In Japan, an elderly woman and her teenage grandson have been rescued from the wreckage of their home in north-east Japan, nine days after the massive earthquake and tsunami. The story of survival has provided welcome good news, as the death toll from the March 11 quake-tsunami disaster topped 21,000 over the weekend. But food contaminated with radiation has been found for the first time outside Japan, where milk and spinach have already been tainted by a plume from the Dai-Ichi reactors at Fukushima. Taiwan detected radioactivity in a batch of imported Japanese fava beans. Public anxiety is high, with many reports that the Japanese people don’t trust the information authorities are giving them, but community radio has been credited with continuing to broadcast throughout the disaster, bringing people regular updates on the situation. Catherine Zengerer spoke to Katsuya Soda, who is host of a community radio program, Namin Now. Catherine asked him what Namin means, and how the Japanese people are coping with the situation.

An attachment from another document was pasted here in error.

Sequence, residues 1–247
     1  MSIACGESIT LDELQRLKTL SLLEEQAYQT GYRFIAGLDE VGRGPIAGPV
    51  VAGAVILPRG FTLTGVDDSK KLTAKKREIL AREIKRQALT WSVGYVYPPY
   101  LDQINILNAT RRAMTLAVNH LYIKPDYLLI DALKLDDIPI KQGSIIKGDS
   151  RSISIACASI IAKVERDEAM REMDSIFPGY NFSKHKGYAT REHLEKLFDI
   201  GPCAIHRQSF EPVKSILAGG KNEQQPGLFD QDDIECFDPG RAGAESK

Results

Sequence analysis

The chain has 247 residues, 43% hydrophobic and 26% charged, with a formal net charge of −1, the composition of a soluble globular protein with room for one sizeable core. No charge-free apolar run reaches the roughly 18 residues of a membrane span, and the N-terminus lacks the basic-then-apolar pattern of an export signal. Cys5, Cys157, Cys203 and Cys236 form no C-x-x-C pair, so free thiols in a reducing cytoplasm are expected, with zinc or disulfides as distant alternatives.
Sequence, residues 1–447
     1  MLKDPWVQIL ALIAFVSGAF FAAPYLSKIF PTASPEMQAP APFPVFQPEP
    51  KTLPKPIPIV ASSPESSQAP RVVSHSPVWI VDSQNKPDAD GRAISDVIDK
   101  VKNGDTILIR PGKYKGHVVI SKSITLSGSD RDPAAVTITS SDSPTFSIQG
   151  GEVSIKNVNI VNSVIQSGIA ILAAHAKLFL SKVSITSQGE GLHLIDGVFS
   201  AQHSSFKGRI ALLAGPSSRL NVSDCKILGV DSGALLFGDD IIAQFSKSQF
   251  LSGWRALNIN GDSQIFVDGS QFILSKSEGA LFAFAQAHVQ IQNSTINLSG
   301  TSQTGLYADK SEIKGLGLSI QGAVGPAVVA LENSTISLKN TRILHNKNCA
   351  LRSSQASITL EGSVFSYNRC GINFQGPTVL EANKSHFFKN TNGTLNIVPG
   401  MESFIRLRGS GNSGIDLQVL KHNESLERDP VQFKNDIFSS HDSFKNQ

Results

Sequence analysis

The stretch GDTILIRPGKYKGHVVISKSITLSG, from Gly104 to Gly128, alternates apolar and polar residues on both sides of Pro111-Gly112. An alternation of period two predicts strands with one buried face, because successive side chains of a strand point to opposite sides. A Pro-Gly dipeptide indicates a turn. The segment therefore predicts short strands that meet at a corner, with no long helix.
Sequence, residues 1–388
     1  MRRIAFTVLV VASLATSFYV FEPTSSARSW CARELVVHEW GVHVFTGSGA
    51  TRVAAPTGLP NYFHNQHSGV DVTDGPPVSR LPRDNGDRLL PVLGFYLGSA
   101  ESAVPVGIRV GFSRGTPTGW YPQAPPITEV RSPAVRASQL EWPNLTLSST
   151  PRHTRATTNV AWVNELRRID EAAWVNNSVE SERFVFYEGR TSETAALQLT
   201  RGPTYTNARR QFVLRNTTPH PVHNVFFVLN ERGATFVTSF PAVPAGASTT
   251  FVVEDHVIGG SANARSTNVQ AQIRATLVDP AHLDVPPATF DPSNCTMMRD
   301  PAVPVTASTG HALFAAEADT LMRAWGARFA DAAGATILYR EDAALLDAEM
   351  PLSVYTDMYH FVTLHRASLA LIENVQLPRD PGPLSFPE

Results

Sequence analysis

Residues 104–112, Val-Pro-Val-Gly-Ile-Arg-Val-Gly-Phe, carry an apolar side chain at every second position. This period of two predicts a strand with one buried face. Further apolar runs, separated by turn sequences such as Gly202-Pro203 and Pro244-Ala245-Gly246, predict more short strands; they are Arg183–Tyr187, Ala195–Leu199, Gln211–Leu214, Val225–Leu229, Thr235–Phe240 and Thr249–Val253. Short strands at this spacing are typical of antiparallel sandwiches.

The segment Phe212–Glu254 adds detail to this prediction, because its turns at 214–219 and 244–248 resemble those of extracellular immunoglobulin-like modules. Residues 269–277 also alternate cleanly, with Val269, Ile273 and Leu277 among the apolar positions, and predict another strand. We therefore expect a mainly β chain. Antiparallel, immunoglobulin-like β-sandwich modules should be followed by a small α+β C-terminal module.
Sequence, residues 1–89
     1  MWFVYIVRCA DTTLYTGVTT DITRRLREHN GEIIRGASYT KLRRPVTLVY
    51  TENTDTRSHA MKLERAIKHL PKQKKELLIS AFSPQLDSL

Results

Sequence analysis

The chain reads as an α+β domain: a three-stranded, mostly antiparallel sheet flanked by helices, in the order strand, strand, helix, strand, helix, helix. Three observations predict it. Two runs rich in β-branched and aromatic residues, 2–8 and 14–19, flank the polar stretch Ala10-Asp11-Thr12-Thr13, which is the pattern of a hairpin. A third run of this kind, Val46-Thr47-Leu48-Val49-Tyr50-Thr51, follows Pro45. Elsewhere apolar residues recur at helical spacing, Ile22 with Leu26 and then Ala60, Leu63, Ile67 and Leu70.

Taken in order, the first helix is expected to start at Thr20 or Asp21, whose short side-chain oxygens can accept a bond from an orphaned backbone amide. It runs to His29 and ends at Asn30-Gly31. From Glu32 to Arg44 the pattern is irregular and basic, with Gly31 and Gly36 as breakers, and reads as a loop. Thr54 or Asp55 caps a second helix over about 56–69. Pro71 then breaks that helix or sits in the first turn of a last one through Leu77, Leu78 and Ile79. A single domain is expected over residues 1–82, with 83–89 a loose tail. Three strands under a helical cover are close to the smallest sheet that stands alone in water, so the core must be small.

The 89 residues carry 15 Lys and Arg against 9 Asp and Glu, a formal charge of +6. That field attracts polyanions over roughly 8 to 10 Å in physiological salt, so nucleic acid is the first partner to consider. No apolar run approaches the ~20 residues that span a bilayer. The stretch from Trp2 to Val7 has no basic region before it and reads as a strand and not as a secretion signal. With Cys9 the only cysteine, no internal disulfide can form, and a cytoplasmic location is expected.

- Check out co-opera.yapsody.com/event/index/50… via @yapsody 12 hours ago
- We're chatting with the Artistic Director of Co-Opera, Brian Chatterton, about the upcoming performance of #TheMikado at Port Adelaide. 12 hours ago
- Tune in now to hear @TeresaMcDowell discuss efforts to legalise #IndustrialHemp in South Australia. 13 hours ago
- Good morning! On today's show, we learn more about the industrial hemp industry and efforts to create supportive housing for the homeless. 14 hours ago
- Highlights from today's program - Live interview & performance from Tony Lindsay & Janice Maxie-Reid!… twitter.com/i/web/status/8… 4 days ago